Listen to Free Egunfemi, founding director of Untold RVA, talk about the Wilder School's tour.
Setting the Scene
Located just 1.4 miles from the Monroe Park campus, Libby Hill Park sits high above the James River in the southern edge of Richmond’s first neighborhood, Church Hill, and offers one of the most striking panoramas of the River City.
According to legend, it was 1730 when an English aristocrat named William Byrd II first stood atop this perch. Inspired by the resemblance between Libby Hill and the surrounding area just west of London known as the River Thames upon Richmond, Byrd is said to have named the new town Richmond.
These are quaint grounds at first glance—a serene greenspace ideal for courtship and contemplation. In fact, this evening the class is joined by two couples: an adolescent pair enjoying the sunset and a newlywed couple still dressed in their wedding clothes being photographed against the sweeping view.
As the students wait for the tour to begin, some splinter off to observe prominent landmarks in the cityscape. A few gesture toward the Lucky Strike Building and Rocketts Landing. Both attractions are especially pronounced against the darkening sky.
Soon Egunfemi joins the group, opening with a directional orientation of the park and the surrounding area.
"Why would anyone erect a statue in the most visible part of the city nearly 30 years after the conclusion of the Civil War in a park that was not associated with combat? It was a concerted effort to rebuild slavery through the assertion of white supremacy."--Free Egunfemi
“Directly beneath us are the sacred burial grounds of First Nation Peoples. But, you’ll find no placards to mark the spot, because the historical narrative is a reflection of the dominant culture.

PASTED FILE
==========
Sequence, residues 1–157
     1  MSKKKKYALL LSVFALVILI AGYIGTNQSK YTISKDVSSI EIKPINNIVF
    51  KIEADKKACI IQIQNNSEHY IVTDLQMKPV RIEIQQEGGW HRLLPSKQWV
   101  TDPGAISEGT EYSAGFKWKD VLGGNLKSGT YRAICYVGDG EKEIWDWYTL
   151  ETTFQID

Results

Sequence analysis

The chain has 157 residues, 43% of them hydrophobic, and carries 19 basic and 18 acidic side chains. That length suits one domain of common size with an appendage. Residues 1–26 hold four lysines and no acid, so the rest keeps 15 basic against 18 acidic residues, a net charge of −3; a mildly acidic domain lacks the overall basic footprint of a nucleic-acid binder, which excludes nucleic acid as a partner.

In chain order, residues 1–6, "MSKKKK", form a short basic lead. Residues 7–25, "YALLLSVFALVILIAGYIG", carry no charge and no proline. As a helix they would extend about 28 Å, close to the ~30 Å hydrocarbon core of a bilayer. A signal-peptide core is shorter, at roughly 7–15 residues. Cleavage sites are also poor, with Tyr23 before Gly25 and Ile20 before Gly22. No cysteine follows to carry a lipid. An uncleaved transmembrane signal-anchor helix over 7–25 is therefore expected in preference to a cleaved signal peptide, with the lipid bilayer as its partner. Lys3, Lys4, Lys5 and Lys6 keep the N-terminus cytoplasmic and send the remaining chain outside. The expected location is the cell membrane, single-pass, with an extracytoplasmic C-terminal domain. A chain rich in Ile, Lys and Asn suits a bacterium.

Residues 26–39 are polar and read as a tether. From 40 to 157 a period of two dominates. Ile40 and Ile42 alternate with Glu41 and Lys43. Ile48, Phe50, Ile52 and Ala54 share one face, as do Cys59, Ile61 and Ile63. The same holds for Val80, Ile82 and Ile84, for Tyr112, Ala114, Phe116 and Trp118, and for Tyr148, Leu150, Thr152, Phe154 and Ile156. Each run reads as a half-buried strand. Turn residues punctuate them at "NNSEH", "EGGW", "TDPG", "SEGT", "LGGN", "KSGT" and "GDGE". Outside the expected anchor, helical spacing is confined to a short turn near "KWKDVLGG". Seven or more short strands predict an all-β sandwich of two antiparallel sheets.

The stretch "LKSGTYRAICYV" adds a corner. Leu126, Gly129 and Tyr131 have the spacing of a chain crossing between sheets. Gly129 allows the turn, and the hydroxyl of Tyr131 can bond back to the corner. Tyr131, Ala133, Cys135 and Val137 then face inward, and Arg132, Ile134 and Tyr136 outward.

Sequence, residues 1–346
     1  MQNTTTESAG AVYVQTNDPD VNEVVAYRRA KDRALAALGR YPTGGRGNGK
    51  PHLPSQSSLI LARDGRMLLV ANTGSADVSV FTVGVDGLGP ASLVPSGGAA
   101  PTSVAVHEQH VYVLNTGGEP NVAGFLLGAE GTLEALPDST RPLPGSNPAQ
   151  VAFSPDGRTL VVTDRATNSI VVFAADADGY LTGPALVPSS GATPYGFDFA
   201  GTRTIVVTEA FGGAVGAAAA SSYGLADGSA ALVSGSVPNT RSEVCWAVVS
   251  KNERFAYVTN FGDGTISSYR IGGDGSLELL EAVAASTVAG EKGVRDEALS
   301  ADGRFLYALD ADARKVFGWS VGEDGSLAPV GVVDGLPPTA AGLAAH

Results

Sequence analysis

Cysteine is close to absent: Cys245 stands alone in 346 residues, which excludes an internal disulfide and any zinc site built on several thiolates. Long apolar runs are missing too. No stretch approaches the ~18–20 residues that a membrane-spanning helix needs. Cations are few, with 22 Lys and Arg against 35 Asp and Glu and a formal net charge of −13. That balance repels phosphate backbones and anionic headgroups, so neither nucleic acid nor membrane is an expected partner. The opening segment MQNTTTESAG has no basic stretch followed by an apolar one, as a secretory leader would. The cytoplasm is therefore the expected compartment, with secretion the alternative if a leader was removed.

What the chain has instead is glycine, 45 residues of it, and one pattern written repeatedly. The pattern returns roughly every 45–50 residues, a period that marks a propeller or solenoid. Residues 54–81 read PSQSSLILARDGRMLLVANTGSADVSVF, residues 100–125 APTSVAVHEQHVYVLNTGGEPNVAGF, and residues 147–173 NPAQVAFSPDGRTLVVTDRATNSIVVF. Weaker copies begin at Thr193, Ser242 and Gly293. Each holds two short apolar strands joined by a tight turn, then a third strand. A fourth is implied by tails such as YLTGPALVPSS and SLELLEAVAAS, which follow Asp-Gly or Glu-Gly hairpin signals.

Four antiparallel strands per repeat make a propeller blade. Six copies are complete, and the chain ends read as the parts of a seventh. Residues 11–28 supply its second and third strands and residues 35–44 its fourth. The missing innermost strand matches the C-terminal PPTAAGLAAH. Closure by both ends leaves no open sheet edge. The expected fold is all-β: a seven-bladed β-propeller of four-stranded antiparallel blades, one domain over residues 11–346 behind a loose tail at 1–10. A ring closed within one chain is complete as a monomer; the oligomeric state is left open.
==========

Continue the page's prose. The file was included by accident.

“To the right,” said Egunfemi, signaling toward the port of Manchester along the James River, “is the port where Africans who were enslaved and brought to Richmond would have first touched American soil.”
In the massive down-river slave trade, Richmond’s central location to rail and water transportation made it the second largest trading hub of enslaved Africans on the east coast from 1830 to 1860.
“Situated behind us, atop a granite column is the Confederate Soldier and Sailors Monument, a bronze statue of that reaches 86 feet high. It was dedicated in 1894 by a a small association handpicked by a Confedrate veteran who was also the city's principal planner," said Egunfemi.
“Why would anyone erect a statue in the most visible part of the city nearly 30 years after the conclusion of Civil War in a park that was not associated with combat?” she asked. “It was a concerted effort to rebuild slavery through the assertion of white supremacy over black Americans."
Egunfemi’s words offer a sharp contrast to the hill’s beatific vistas, bringing into focus a discomfiting perspective on the history of the city.